(sorry Kimberley, your T3 awning concept is great, but needs work, and the engineering on some parts of it quite simply “falls short.” When wind gusts from a certain direction rise above 30-35kms p/h, which is almost every day on the WA coastline and surrounds, it doest not hold up well, flexes far too much and parts of the cross-arms start to fail) May not seen like a “big deal” however being out in the WA summer heat when temps are above 30Deg, you absolutely need the awning out. The problem is most days in summer the winds are well above 30kms p/h for most of the day. Anyway, I digress…
The following day we set off for the ‘rock’ and just when we thought the rain was gone, it returned and hung around most of the day and at times found ourselves scrambling for make-shift shelter from the rain being some distance from the D4.
At least the weather had reduced the bus crowds at Wave Rock and we had some time to take a few photos. The boys loved challenging their ability to see how far they could scale the wave before gravity taking hold and skidding back down controlled again (hopefully not on their heads). There is nothing much else to see at Hyden except for many wheat farms and the next day we headed south west and set a course for Collie.
On the morning we were leaving, we met a local farmer who suggested of a more indirect route zig zagging through various farm towns which included the fascinating “tin-horse highway” for our journey across to Collie.
It was a welcome change in terms of scenery, the rain had all but gone and was lovely to look at farms and livestock with plenty of wheat harvesting taking place along the way.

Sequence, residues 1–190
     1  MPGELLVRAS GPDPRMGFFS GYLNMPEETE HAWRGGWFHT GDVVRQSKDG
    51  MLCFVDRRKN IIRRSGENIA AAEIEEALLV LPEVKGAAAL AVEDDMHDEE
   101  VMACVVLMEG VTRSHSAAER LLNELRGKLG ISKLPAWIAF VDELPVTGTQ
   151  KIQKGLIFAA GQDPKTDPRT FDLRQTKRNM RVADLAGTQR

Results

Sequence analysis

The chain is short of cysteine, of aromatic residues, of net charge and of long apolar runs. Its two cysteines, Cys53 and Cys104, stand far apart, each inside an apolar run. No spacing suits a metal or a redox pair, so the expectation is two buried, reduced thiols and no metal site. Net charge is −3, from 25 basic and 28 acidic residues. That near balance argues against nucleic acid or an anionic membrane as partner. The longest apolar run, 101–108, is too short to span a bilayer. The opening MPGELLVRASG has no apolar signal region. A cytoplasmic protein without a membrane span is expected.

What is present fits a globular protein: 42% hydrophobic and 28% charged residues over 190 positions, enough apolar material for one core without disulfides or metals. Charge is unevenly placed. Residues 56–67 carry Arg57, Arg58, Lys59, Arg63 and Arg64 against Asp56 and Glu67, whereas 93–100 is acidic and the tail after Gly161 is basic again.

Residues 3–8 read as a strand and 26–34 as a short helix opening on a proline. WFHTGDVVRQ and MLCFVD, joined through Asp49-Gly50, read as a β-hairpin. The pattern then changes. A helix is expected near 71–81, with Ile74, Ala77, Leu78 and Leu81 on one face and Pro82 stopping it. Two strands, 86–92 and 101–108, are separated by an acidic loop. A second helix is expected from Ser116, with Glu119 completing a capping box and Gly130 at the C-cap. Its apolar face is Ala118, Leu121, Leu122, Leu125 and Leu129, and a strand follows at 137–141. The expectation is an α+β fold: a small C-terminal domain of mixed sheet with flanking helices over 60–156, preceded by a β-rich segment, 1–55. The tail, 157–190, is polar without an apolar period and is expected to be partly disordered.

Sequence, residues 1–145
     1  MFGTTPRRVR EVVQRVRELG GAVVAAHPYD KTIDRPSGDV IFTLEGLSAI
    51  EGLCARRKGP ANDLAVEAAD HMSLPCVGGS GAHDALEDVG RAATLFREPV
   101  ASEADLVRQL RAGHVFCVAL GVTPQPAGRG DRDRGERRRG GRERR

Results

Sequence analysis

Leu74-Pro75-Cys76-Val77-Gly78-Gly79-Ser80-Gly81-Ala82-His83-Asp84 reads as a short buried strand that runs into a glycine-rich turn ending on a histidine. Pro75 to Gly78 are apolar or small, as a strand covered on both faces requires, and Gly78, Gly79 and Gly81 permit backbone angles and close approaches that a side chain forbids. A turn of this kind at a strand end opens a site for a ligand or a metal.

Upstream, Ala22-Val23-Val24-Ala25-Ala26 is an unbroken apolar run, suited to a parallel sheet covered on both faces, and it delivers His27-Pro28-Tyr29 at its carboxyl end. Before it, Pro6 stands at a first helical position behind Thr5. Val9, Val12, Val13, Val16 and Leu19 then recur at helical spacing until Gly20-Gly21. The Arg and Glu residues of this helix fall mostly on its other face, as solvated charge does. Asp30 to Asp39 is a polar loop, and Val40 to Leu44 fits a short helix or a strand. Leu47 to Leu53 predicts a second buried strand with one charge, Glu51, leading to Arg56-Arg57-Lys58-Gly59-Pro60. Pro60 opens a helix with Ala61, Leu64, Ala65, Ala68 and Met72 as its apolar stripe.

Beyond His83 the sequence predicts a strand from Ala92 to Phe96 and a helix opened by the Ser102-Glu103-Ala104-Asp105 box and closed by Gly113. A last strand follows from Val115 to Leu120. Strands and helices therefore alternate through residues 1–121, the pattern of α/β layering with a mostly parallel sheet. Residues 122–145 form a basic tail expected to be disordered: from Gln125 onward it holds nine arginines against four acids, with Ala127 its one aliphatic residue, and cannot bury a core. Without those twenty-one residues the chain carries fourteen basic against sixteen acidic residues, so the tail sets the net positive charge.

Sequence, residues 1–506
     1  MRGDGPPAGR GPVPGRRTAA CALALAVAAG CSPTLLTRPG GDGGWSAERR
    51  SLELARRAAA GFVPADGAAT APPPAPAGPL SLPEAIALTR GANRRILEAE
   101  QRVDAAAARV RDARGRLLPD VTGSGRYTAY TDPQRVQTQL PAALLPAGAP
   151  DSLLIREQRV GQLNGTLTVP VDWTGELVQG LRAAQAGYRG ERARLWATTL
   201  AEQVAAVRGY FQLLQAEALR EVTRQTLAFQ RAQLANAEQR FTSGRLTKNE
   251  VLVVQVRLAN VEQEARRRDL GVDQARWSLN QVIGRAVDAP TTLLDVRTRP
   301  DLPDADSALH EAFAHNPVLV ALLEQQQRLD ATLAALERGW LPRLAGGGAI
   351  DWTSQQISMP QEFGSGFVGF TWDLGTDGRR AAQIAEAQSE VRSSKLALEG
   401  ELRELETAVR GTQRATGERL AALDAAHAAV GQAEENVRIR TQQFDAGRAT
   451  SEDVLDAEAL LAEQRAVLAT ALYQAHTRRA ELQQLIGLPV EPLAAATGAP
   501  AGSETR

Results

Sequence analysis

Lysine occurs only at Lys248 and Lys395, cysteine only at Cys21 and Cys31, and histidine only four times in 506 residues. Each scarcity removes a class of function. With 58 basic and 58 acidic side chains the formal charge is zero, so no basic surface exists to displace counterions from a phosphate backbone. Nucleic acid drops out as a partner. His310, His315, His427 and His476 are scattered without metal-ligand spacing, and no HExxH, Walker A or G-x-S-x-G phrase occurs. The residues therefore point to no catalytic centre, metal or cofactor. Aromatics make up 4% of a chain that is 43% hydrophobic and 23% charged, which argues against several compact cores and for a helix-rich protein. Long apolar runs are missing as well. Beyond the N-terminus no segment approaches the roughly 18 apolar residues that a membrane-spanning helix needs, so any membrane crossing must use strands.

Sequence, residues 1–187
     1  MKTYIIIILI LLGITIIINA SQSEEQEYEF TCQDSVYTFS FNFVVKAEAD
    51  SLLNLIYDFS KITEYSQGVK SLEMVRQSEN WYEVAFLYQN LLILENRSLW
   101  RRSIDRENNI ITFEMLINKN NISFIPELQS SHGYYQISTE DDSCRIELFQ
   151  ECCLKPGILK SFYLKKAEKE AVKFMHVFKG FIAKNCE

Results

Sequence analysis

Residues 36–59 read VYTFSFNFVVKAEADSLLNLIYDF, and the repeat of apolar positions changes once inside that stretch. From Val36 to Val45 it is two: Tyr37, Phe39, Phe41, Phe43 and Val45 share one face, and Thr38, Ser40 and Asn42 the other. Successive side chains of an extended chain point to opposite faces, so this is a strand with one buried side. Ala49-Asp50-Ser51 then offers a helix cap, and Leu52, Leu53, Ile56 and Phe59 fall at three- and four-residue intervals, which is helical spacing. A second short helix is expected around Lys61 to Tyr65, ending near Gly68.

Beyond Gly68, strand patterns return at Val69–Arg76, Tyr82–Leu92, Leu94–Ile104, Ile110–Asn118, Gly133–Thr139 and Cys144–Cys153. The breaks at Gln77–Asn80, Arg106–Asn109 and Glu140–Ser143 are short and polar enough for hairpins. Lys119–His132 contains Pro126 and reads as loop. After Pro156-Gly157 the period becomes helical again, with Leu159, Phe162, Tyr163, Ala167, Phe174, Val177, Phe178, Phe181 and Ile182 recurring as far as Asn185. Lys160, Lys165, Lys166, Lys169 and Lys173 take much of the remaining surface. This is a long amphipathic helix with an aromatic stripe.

We stopped in Kulin around mid-morning to check on a few things on the van, stretch the legs, and each of us to sample some of the local made produce which we tend to do some stops wherever we can and it’s amazing what you can find – a locally made sausage roll this time which was delicious, all from a cafe inside the local hardware store.
There must be a bit of money in this town with a population of less than 500, as we drove past a water-slide park that looked more at home on the gold coast than in a tiny rural town, and even the tractors out this way are larger than life.
Onwards from Kulin …this time along the “Tin-Horse highway” where many locals obviously have a little too much time on their hands than most farmers and have come up with an unusual theme of world and local events with hand made creations of metal horse-like objects and some of them are very funny – here are just a couple of examples of dozens we drove past over a 10-12km stretch of the highway.
No explanation necessary really, other than to say …only in the bush I guess!